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    EXCLUSIVE ONLINE ARTICLE: Despite Economic Woes, Consumers Stick With Snacks

    Battered by the nation’s troubled economy, consumers are tightening their spending habits when it comes to many food purchases, and while shoppers are seeking the best value and are more disciplined in their buying decisions, snack food products continue to do well.

    By Bob Gatty

    Battered by the nation’s troubled economy, consumers are tightening their spending habits when it comes to many food purchases, and while shoppers are seeking the best value and are more disciplined in their buying decisions, snack food products continue to do well.

    Those are some of the key conclusions from the “Snack Food State of the Industry” report presented by Sally Lyons Wyatt, SVP at Chicago-based Information Resources, Inc., at the Snack Food Association’s annual convention, SNAXPO 2010, in Fort Worth, Texas.

    Lyons said IRI’s consumer surveys indicate that 86 percent of buying decisions are made at home as shoppers prepare their lists, and she advised snack manufacturers to find ways to reach consumers there before they ever leave for the store. Consumers, she said, are spending more time than ever preparing for their grocery shopping trips, often specifying brands when they make their lists.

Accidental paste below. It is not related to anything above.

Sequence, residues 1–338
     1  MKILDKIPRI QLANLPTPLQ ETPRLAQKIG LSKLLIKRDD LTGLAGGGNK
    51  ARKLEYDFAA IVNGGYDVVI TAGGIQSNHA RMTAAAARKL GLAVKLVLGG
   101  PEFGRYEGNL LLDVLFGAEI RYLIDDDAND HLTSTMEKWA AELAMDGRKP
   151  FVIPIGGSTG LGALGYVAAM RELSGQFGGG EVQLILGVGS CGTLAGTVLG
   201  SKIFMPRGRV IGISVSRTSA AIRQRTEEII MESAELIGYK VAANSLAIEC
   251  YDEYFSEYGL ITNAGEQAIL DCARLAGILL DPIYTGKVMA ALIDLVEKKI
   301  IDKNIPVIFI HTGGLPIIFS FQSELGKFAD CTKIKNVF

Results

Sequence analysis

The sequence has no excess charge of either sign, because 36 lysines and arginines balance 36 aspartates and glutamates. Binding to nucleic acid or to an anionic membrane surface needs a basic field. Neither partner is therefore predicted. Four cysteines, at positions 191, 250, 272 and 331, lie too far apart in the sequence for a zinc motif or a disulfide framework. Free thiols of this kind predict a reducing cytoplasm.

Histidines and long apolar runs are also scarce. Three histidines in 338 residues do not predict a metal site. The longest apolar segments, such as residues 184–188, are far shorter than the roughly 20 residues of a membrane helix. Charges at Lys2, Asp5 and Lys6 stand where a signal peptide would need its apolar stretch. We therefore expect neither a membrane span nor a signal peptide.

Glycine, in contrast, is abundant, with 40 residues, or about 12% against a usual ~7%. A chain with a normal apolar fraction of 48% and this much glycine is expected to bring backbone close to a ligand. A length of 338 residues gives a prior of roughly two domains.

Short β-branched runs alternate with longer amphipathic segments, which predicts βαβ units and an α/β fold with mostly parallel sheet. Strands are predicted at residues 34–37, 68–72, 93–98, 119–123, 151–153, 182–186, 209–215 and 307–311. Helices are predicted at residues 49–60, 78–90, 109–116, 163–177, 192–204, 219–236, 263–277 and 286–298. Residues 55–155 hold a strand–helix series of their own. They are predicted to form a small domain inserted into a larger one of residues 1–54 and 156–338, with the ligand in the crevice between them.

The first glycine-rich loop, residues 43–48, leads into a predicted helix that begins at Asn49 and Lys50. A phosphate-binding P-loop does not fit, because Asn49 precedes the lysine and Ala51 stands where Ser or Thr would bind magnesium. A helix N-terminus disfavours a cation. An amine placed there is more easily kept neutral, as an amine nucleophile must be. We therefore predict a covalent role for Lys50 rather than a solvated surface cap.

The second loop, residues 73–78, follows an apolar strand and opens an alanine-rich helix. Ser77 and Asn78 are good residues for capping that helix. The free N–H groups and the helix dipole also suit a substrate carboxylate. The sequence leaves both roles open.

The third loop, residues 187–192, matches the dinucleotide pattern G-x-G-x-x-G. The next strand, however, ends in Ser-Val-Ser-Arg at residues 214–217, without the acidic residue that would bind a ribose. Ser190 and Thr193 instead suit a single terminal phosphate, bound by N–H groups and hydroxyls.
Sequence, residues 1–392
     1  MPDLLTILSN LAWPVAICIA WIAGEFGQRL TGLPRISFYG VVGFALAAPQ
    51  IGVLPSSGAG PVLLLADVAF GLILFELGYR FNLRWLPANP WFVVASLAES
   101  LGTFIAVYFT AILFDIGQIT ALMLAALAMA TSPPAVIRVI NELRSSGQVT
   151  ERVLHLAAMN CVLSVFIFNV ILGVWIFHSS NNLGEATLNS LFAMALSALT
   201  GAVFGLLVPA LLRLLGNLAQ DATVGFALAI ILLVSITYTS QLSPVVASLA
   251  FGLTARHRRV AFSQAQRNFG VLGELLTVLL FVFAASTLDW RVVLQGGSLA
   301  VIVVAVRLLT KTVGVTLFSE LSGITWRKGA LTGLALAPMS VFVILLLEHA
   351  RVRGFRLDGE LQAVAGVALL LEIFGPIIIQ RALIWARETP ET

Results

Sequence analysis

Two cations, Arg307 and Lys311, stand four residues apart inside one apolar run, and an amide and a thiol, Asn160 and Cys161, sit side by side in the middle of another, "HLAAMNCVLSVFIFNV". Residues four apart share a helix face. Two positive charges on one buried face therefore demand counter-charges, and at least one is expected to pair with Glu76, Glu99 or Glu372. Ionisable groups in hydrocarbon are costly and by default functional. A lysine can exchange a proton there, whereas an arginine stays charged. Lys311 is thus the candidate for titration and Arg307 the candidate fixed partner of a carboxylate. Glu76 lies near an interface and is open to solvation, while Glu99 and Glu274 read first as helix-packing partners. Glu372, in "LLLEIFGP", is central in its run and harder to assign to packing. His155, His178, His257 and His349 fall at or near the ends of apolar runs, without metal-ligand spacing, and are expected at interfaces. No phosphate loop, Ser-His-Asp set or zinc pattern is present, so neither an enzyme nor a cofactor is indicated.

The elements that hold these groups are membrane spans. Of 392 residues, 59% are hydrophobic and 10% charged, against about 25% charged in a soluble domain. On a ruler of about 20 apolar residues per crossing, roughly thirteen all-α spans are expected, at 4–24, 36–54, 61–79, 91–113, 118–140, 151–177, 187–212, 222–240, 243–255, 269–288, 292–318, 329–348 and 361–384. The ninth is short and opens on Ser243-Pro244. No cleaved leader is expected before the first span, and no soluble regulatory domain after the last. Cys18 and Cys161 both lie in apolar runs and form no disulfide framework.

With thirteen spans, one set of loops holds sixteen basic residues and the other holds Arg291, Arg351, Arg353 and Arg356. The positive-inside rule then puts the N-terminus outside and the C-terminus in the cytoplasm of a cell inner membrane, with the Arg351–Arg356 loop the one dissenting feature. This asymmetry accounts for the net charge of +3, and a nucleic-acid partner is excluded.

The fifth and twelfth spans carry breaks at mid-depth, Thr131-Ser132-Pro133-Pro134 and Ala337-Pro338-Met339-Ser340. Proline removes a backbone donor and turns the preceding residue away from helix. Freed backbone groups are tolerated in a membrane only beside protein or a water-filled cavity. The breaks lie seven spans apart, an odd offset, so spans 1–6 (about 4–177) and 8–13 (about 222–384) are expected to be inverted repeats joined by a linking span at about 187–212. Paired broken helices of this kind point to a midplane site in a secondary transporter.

“So you want to be on those lists,” she advised snack manufacturers in the audience. “You need to find ways to reach consumers in their homes, and then, of course, again in the store.

    “Eighty percent of consumers are looking for the best value when they buy snacks,” Wyatt said, emphasizing that “value” involves more than price — although that is a dominant concern. It also includes such factors as trust in the brand, taste and convenience.

    While salty snack volume sales were flat during 2009, dollar sales grew by 7 percent as a result of price increases that were implemented by many companies, the IRI data showed. Meat snack dollar sales also grew 7 percent. The grocery channel increased its volume of snack sales by 0.6 percent, with revenue up by 3 percent. Grocery gained in 74 percent of the snack category, Wyatt reported, compared with a similar decline at Walmart.

    When consumers shop for snacks, 66 percent look for their favorite brands, while 43 percent go after their favorite brands on sale. Private label has made gains, she said, as quality and marketing have improved in recent years to take advantage of consumers’ need to save, and that behavior is likely to remain in instances where shoppers have discovered private label products they like and that meet their needs.

    Snacks are an important part of healthy eating plans for many consumers, as 32 percent consume snacks as mini-meals throughout the day, according to her report. Still, 60 percent eat snacks purely for enjoyment.